cristo rey baton rouge

A year after flooding, Baton Rouge Catholic high school plans to open in modular buildings

Days after it opened, Cristo Rey Baton Rouge Franciscan High School was forced to abandon its flooded campus in 2016.

Cristo Rey Baton Rouge Franciscan High School, whose building was ruined by flooding last year just a few days after the school opened, will install modular buildings and hopes to reopen at its old site next month.

The Baton Rouge Advocate reports that the Catholic high school plans to begin installing seven large modular buildings on its Baton Rouge, La., campus and is seeking to finish everything in time for the Aug. 7 start of school.

"Our team is currently working with FEMA to secure temporary modular buildings at our former North Baton Rouge site to reopen on our home campus in August," school officials said in a message. "We are extremely excited about returning home to Redemptorist this fall as we welcome 9th and 10 grade students for the school's second year."

The school, part of a network of 32 Catholic high schools across the nation, opened on Aug. 6, 2016, on the campus of the former Redemptorist High School, 95,000-square-foot facility. Six days later, floodwaters inundated the site with four feet of water, and Cristo Rey had to seek temporary space. The school spent 2016-17 in a building about two miles away that is owned by the Baton Rouge Area Foundation at the Bon Carre Technology Center, two miles south.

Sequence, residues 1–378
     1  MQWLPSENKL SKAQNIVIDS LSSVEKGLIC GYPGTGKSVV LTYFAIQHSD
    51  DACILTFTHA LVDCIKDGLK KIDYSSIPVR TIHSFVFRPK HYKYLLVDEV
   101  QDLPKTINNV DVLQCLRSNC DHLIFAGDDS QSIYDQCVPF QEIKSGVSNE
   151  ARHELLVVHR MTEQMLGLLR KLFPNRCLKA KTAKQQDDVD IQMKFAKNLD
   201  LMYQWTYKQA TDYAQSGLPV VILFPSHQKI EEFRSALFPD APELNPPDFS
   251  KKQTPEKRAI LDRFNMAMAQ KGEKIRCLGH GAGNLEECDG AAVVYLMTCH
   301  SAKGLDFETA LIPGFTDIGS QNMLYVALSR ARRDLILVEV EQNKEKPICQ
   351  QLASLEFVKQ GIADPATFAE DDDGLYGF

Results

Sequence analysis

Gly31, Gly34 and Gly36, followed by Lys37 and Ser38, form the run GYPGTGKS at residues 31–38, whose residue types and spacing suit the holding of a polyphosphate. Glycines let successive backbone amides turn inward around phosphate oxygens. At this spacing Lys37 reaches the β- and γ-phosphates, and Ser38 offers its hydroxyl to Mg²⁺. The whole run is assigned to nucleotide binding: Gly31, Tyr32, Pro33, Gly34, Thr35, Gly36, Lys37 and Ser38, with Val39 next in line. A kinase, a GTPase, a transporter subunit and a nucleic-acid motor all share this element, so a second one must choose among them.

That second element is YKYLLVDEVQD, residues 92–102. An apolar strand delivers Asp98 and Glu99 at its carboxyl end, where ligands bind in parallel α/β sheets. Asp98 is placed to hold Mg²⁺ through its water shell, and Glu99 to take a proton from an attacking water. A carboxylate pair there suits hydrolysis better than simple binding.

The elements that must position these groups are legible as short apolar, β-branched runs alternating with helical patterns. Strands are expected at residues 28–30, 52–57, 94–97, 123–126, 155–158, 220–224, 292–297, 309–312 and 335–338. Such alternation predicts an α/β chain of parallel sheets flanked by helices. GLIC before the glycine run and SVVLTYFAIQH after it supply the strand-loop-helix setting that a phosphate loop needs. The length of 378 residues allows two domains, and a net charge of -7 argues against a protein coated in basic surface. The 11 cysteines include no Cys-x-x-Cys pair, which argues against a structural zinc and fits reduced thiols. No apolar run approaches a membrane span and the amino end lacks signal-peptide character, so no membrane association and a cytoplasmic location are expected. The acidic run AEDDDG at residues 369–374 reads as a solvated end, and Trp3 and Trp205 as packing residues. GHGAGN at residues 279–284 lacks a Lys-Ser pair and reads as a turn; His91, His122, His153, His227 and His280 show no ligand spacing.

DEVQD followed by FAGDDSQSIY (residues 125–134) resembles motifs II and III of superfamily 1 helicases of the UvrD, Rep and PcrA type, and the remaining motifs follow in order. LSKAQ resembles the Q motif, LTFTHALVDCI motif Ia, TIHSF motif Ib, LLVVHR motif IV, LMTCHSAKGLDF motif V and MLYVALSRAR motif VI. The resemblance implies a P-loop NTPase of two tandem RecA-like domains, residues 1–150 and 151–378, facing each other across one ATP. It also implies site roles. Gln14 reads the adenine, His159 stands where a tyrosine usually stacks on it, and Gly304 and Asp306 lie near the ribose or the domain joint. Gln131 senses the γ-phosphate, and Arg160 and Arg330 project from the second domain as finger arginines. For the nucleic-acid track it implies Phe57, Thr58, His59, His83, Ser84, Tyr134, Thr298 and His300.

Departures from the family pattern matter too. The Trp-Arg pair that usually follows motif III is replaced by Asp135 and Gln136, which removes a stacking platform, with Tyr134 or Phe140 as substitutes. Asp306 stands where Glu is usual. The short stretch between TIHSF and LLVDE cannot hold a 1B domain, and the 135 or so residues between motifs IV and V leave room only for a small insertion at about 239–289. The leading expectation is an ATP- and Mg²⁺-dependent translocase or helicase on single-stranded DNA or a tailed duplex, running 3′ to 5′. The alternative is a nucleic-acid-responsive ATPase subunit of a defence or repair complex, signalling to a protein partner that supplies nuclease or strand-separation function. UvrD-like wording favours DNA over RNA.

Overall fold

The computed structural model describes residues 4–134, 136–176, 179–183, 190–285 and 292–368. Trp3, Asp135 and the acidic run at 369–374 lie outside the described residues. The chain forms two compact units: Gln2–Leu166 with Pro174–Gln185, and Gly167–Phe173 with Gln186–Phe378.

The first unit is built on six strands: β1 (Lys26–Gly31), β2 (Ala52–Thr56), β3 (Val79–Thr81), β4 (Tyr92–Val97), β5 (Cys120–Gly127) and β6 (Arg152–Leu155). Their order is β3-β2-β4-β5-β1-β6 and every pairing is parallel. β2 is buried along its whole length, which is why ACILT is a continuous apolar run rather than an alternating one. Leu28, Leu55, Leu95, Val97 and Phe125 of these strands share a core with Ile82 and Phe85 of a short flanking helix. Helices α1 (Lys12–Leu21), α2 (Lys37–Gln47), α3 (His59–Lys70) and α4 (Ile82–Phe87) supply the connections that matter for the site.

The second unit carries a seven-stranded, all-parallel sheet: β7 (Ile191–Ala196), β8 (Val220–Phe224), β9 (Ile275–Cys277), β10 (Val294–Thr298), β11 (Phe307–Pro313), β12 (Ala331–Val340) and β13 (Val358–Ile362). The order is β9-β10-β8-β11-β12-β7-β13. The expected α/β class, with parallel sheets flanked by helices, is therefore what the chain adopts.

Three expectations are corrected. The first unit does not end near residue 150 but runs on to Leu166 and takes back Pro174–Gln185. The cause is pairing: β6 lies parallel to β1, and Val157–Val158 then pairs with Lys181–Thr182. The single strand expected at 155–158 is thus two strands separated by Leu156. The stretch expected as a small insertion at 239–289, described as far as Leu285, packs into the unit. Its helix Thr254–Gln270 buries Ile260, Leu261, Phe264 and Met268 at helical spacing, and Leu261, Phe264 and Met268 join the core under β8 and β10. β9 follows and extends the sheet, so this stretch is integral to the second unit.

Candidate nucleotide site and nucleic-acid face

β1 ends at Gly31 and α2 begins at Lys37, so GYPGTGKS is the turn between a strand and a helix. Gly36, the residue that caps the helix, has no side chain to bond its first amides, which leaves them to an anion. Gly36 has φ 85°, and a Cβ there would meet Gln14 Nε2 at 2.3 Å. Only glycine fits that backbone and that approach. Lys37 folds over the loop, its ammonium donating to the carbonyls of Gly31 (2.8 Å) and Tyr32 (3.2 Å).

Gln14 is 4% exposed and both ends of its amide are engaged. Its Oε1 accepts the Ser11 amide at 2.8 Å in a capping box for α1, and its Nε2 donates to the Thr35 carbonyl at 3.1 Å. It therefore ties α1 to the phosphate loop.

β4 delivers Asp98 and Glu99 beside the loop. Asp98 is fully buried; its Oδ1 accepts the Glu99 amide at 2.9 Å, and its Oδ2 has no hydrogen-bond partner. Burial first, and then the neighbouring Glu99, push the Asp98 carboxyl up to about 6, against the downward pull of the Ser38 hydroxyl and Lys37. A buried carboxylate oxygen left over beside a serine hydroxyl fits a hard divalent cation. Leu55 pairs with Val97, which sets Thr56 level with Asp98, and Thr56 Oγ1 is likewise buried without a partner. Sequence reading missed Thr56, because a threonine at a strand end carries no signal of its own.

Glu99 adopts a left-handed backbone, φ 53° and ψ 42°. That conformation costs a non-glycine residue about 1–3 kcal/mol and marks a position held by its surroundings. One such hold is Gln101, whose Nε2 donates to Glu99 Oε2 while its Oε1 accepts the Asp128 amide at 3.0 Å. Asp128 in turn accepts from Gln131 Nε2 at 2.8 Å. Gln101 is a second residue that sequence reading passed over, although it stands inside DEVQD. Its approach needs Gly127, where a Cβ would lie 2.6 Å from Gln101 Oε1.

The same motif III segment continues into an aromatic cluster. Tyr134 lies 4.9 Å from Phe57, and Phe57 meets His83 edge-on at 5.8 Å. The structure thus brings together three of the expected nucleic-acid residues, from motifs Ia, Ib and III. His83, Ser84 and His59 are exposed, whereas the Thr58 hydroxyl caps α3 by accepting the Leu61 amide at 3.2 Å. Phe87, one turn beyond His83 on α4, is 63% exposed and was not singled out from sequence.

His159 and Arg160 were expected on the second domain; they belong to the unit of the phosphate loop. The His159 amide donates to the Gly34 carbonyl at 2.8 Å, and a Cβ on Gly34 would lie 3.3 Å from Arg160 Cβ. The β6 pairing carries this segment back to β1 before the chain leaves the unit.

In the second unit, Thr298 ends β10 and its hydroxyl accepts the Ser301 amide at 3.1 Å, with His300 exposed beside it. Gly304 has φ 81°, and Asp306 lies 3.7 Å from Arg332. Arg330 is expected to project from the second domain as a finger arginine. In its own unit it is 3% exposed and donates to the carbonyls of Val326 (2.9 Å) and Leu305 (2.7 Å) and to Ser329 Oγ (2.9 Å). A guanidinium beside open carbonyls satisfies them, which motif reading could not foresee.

In the meantime, the Catholic Diocese of Baton Rouge concluded that the flood-damaged Redemporist campus was not worth salvaging. Officials decided to demolish the buildings on campus and donate the nearly 18 acres of land to Cristo Rey for it to build its own campus.

Brian Moscona, president of Cristo Rey Baton Rouge, says delays in demolishing the old school building has made it difficult for the university to recruit students for 2017-18. He says he expects to have at least 125 students this fall, all in ninth or 10th grades. Eventually, he hopes to grow enrollment to 400 to 450 students.

The Cristo Rey schools started in Chicago and are led by the Jesuit order. The network is noted for having its students work off campus at a white-collar job at least one full day each week.

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